- The Washington Times - Thursday, May 15, 2014

The Pentagon has a contingency plan for just about everything — and that includes the zombie apocalypse.

“CONOP 8888” is an unclassified document from April 30, 2011, by the Defense Department. It serves as a blueprint for how the U.S. would handle such an ordeal to “preserve the sanctity of human life” among “non-zombie humans,” Foreign Policy reported Tuesday.

The military’s “Counter-Zombie Dominance” plan was hatched in 2009 and 2010 when U.S. Strategic Command in Omaha, Nebraska, needed a creative way to conduct training that the civilian population wouldn’t misinterpret in terms of civil liberties or real-world foreign policy objectives. Planners needed an intriguing situation (e.g., a deadly pathogen essentially turning people or animals into zombies) that would not cause political blow back for policymakers.


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“This plan fulfills fictional contingency planning guidance tasking for U.S. Strategic Command to develop a comprehensive [plan] to undertake military operations to preserve ‘non-zombie’ humans from the threats posed by a zombie horde,” CONOP 8888’s plan summary reads, Foreign Policy reported. “Because zombies pose a threat to all non-zombie human life, [Strategic Command] will be prepared to preserve the sanctity of human life and conduct operations in support of any human population — including traditional adversaries.”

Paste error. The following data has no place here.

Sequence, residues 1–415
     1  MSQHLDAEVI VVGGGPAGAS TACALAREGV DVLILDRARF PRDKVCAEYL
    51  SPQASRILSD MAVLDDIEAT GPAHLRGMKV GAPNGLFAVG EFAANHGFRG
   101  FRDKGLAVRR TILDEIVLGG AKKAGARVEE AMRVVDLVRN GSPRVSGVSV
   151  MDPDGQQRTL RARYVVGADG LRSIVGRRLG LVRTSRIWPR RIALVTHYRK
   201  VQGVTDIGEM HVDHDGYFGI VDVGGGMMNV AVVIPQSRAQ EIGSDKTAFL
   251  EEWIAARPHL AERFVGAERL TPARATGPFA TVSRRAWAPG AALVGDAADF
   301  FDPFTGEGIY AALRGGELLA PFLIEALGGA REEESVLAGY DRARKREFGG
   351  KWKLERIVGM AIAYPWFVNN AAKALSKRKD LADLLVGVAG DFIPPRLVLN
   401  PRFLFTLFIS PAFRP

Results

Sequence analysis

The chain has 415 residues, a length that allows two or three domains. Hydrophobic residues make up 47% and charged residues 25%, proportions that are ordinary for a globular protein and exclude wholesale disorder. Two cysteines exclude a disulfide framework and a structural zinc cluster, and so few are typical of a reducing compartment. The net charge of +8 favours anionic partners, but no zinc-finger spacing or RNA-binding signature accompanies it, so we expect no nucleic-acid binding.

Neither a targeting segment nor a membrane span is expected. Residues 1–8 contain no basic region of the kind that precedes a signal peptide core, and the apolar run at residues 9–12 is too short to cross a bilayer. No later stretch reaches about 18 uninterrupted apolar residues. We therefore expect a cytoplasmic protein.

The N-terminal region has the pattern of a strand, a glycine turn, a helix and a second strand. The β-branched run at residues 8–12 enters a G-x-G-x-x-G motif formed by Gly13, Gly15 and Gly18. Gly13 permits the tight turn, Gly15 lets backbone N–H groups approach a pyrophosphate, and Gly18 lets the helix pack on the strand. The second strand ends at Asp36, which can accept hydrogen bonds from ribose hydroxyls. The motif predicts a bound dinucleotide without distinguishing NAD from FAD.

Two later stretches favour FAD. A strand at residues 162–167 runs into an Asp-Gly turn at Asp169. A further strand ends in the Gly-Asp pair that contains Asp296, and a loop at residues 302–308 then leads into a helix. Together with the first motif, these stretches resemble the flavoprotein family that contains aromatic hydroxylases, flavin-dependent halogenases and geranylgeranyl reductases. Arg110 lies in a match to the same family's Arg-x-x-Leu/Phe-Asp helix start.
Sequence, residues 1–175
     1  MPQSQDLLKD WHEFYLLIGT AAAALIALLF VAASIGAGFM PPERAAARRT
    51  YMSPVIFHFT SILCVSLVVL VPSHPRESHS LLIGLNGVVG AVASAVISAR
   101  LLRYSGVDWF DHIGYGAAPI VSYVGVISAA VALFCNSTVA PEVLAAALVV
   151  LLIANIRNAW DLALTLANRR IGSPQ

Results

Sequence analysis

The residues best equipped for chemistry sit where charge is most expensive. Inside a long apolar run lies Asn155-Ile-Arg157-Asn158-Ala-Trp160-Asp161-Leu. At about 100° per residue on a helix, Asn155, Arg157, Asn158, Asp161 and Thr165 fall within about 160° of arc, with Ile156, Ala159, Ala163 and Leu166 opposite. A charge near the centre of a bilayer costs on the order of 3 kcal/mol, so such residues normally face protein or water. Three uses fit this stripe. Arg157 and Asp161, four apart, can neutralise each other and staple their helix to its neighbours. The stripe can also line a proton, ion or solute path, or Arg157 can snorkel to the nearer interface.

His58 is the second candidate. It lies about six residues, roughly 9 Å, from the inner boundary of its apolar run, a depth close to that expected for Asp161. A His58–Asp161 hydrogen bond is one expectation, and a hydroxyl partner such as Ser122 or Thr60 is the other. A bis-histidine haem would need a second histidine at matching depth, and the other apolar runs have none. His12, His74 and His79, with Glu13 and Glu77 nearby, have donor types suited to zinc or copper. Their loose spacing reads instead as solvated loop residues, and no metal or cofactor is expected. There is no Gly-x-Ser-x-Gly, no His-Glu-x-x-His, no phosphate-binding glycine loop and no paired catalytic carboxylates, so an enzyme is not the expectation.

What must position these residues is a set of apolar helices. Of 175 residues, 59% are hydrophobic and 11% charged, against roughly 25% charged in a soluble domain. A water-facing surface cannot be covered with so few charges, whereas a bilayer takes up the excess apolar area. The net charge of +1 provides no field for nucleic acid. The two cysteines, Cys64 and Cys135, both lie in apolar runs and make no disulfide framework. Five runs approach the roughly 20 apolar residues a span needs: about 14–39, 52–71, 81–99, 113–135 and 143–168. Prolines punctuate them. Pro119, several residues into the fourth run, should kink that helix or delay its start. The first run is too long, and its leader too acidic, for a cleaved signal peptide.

Navy Capt. Pamela Kunze, a spokeswoman for Strategic Command, stressed to Foreign Policy via email that the document was only for training purposes, saying: “The document is identified as a training tool used in an in-house training exercise where students learn about the basic concepts of military plans and order development through a fictional training scenario. […] This document is not a U.S. Strategic Command plan.”